In the iconic frontispiece to Thomas Henry Huxley’s Evidence as to Man’s Place in Nature (1863), primate skeletons march across the page and, presumably, into the future: “Gibbon, Orang, Chimpanzee, Gorilla, Man.” Fresh evidence from anatomy and palaeontology had made humans’ place on the scala naturae scientifically irrefutable. We were unequivocally with the animals — albeit at the head of the line.
Nicolaus Copernicus had displaced us from the centre of the Universe; now Charles Darwin had displaced us from the centre of the living world. Regardless of how one took this demotion (Huxley wasn’t troubled; Darwin was), there was no doubting Huxley’s larger message: science alone can answer what he called the ‘question of questions’: “Man’s place in nature and his relations to the Universe of things.”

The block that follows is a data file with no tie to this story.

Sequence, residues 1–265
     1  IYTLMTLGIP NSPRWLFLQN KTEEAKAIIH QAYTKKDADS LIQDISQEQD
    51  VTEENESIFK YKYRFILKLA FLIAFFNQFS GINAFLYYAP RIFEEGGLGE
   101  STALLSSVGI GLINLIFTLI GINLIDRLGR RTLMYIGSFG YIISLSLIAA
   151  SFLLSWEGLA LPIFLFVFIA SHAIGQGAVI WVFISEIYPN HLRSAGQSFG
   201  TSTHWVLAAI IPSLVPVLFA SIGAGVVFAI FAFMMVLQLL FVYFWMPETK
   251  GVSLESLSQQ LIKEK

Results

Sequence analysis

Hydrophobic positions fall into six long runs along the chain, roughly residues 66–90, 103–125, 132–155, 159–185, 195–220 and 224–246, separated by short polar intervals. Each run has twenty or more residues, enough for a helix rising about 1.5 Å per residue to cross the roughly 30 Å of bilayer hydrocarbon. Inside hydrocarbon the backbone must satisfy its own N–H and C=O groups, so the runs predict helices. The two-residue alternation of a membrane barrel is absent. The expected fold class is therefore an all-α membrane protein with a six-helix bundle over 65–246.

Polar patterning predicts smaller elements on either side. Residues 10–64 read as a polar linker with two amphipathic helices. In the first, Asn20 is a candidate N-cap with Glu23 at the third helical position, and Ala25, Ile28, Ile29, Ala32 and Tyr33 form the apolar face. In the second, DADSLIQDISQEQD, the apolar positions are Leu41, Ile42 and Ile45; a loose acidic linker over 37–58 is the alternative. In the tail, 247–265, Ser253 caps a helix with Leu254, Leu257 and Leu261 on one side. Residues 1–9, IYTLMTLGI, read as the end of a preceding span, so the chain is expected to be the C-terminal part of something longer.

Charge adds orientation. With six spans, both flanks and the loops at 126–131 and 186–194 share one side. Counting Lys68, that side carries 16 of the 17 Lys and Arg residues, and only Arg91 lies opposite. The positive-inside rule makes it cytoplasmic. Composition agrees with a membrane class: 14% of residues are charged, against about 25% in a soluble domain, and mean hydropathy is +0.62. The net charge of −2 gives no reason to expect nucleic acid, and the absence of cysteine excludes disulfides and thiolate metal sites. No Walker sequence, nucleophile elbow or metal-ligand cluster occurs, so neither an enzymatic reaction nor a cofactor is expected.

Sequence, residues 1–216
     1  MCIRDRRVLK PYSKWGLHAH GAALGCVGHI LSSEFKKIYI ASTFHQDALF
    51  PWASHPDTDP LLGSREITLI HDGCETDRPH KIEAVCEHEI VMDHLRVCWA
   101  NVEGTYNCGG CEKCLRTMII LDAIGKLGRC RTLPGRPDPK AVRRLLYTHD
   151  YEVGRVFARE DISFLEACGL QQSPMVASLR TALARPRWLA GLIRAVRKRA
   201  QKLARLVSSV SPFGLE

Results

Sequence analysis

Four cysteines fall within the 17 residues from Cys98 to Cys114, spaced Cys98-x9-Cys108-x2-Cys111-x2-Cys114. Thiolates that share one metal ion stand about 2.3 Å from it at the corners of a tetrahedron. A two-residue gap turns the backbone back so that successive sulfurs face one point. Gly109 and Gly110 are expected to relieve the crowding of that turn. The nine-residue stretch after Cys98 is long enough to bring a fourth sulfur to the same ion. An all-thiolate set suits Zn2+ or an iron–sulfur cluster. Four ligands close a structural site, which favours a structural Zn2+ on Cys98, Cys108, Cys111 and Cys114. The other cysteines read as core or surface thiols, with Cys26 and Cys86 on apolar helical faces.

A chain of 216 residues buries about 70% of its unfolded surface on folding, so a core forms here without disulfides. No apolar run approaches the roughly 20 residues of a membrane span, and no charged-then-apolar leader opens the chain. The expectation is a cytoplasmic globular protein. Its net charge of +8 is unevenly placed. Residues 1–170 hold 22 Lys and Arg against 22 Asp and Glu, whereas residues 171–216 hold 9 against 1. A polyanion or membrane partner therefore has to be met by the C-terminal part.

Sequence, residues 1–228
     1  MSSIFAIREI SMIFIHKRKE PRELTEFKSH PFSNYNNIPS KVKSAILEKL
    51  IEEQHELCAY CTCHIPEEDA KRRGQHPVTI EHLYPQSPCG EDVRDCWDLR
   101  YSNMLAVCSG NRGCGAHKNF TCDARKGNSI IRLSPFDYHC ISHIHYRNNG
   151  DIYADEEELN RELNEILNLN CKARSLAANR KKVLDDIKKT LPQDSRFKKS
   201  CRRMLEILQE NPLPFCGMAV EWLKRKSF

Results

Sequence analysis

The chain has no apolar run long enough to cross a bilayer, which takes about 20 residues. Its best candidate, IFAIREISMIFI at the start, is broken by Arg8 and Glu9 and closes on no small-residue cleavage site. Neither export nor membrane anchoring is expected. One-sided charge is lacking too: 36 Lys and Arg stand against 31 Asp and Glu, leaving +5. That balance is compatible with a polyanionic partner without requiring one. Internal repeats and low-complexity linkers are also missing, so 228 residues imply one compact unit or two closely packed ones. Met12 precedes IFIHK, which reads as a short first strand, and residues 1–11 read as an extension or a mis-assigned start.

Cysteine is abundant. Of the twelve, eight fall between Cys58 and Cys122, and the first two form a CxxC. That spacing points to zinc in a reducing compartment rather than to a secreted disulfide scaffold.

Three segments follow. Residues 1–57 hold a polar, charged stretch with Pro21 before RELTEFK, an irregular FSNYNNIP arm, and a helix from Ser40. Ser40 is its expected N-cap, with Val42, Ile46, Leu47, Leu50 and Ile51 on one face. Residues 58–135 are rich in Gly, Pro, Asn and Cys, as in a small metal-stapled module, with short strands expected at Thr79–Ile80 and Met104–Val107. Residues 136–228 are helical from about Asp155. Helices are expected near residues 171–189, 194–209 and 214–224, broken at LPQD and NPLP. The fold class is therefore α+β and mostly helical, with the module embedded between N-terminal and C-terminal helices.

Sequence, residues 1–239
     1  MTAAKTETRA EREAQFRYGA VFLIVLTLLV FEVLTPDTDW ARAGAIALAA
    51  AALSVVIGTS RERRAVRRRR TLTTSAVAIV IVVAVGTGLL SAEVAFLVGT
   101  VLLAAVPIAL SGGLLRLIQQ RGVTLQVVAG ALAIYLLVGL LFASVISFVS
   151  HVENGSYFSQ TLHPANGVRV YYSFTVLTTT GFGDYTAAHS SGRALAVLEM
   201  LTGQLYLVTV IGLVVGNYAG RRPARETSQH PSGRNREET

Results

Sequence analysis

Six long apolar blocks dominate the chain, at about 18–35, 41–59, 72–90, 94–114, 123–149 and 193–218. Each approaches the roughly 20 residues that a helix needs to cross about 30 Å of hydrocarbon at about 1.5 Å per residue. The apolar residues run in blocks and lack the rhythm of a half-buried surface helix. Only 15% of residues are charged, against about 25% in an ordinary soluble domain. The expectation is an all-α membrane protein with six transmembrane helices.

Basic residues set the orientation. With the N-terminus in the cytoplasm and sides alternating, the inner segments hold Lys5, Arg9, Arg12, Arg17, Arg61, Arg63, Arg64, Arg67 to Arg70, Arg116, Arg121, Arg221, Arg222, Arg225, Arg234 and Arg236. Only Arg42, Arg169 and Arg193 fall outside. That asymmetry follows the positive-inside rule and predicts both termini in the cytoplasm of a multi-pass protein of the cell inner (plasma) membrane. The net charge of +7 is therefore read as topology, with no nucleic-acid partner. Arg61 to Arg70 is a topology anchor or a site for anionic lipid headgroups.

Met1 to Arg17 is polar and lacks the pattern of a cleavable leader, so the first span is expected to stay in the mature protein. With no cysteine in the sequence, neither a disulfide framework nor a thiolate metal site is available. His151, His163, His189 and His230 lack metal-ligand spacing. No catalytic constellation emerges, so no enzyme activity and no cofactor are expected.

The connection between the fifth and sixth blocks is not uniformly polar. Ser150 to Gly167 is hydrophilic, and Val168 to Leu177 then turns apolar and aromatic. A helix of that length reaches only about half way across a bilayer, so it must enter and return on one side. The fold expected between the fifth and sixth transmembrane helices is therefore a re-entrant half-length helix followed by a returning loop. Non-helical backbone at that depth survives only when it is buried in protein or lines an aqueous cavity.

Huxley’s question had a prominent place in the early issues of Nature magazine. Witty and provocative, ‘Darwin’s bulldog’ was among the most in-demand essayists of the day. Norman Lockyer, the magazine’s founding editor, scored a coup when he persuaded his friend to become a regular contributor. And Huxley knew a soapbox when he saw one. He hopped up and used Nature’s pages to make his case for Darwinism and the public utility of science.
It was in the seventh issue — 16 December 1869 — that Huxley advanced a scheme for what he called ‘practical Darwinism’ and we call eugenics. Convinced that continued dominance of the British Empire would depend on the “energetic enterprising” English character, he mused about selecting for a can-do attitude among Britons1. Acknowledging that the law, not to mention ethics, might get in the way, he nevertheless wrote: “it may be possible, indirectly, to influence the character and prosperity of our descendants.” Francis Galton — Darwin’s cousin and an outer planet of Huxley’s solar system — was already writing about similar ideas and would come to be known as the father of eugenics. When this magazine appeared, then, the idea of ‘improving’ human heredity was on many people’s minds — not least as a potent tool of empire.